A Door from Hell
August 30, 2018
At first, I noticed my own inability to open that door between the second and third floor of the main North Campus building. I’m sure you know which one I’m talking about because you also surely get it wrong. I remember one time when I tried to open it and got it wrong, I complained to the guy behind me and he said: “I’ve been here for a year and I still get it wrong every. single. time.”
Then, I spent a pause watching people going down to the cafeteria through that door and I noticed that almost no one could use it properly! I even caught one student, using it twice in the 15 minutes span and get it wrong both times.
It reminded me a Vox video I watched a long time ago. I’m posting it here:
“If you continually get it wrong and other people continue to get it wrong, it’s a good sign it is a really bad door”
The conclusion is this: It’s not your fault you are unable to open that door, it is simply poorly designed.
I love thinking about this because it makes you realize even simple things are more complicated than they look and need some much iteration to make it perfectly usable.
Design is everywhere we look. All the small details have been created with the purpose of being used by humans. I like thinking that optimization starts with little things such as making doors easy to open.
We could extend the reasoning to User Experience in Technology. All websites/apps/programs should be created keeping this in mind. We are all organic machines that react and think alike. So to all future creators and entrepreneurs: Operability and Feedback will make us want to use your product!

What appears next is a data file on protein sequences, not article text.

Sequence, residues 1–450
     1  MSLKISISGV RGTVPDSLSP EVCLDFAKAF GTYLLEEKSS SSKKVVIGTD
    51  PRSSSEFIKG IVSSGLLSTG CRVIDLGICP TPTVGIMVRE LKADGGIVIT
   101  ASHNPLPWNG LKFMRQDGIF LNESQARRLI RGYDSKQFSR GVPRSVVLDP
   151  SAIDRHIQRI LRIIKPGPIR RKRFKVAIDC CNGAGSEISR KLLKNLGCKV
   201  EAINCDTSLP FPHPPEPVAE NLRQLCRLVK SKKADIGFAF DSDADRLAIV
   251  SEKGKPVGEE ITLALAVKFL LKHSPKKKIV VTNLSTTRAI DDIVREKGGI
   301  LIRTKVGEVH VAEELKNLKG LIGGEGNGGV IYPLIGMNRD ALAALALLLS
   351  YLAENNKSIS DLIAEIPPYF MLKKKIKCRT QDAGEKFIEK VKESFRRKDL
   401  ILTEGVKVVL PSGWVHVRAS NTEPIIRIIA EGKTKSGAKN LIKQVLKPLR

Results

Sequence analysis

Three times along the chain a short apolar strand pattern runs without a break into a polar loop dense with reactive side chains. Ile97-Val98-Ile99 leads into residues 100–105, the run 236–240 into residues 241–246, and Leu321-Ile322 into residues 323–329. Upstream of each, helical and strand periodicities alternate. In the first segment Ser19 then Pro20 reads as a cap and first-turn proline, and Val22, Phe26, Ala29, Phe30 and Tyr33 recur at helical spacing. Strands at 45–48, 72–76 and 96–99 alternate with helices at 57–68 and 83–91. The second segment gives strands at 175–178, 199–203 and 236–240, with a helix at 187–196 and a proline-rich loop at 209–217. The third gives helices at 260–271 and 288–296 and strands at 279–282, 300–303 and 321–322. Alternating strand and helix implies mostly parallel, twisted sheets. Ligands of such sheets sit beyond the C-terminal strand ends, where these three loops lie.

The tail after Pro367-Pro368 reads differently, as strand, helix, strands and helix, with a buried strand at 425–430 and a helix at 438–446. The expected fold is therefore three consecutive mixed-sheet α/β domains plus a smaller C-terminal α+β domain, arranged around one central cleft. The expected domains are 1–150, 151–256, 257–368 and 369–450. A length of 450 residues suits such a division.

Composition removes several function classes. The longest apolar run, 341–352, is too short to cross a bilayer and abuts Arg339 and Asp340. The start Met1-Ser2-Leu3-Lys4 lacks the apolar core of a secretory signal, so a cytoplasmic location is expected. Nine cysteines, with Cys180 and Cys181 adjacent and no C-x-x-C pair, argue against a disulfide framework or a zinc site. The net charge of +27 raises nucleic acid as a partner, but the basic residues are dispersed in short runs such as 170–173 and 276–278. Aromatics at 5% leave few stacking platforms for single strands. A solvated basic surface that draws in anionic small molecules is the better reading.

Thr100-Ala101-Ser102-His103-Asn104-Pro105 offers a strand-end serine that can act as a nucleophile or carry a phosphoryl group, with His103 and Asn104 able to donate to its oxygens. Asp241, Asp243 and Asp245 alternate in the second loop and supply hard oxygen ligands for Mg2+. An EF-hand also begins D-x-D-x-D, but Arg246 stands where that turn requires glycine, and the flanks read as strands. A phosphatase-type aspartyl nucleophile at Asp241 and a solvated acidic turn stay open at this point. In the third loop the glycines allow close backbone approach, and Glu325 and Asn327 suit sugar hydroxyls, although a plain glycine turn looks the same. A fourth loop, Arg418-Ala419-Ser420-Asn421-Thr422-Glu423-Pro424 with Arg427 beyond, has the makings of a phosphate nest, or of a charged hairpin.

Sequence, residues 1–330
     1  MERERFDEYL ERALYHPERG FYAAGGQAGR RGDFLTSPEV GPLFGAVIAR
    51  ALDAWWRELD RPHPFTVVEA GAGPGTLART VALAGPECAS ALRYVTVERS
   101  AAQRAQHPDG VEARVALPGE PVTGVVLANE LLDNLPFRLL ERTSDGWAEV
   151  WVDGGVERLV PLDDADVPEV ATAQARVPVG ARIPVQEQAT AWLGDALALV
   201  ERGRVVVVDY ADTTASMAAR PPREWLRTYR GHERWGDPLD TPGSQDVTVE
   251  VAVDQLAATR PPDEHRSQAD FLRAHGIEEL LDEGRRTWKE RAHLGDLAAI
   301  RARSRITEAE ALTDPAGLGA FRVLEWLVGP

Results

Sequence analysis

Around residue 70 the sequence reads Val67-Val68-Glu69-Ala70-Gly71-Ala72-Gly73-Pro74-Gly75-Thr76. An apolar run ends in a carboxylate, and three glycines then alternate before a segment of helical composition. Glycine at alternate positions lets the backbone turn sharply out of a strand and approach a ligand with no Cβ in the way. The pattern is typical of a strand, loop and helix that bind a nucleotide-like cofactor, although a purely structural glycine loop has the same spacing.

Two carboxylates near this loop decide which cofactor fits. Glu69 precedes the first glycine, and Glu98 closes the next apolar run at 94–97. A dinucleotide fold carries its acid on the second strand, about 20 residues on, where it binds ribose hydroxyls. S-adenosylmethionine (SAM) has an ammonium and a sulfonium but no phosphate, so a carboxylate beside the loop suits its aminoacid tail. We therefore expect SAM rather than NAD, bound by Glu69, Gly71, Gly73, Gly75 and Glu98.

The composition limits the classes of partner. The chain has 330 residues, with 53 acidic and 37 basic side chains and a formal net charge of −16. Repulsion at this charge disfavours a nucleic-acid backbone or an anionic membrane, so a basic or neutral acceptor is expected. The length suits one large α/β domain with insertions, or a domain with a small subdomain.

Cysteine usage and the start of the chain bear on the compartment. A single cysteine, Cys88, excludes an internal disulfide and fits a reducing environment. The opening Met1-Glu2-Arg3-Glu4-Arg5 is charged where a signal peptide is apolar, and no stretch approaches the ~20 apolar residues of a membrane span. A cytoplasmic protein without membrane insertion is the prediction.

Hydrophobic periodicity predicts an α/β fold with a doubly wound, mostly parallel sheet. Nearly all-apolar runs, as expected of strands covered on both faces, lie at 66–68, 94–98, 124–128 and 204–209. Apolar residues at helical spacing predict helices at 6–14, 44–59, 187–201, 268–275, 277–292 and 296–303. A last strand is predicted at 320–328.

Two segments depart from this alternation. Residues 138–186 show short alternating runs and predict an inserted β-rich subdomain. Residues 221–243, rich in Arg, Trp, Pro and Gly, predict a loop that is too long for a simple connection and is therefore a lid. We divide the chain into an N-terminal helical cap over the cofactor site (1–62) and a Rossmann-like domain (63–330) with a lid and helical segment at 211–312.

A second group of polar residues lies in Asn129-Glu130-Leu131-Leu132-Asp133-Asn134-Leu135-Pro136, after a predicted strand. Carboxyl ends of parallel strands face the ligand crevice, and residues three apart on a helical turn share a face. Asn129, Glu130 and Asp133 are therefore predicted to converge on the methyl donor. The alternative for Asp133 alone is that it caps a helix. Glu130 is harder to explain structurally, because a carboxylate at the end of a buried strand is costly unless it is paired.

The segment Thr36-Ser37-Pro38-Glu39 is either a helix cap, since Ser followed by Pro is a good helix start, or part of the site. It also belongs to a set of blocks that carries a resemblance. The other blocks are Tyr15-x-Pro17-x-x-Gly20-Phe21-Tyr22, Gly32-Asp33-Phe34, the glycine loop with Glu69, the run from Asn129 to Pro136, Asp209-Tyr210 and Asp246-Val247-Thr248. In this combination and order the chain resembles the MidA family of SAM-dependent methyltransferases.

Don’t be the bad door guy/gal!
A harmonious Monday morning starts with a harmonious door.
Please IESE, make this door harmonious again!
**EDIT: I actually realised that I’m ranting about this door, but offer no explanation nor solution to the problem so here it goes:
It is actually what designers call a “Norman” door. These doors have 2 characteristics:
- The design of the door tells you to do the opposite of what you’re actually supposed to do.
- The door gives you the wrong signal and needs a sign to correct it.
This theory was created by Don Norman, in his book The design of Everyday things.
THE INTERESTING PART IS HERE:
When you are coming from the stairs you should PULL
when you are coming from outside, you should PUSH.
If you can’t remember that, there is a visual trick to get it right:
There is a little metal pad that is blocking the door on the high part of the doorframe that prevents it to open toward the outside of the building.
Look up before opening, and you’ll see what you’re supposed to do.
Best of luck!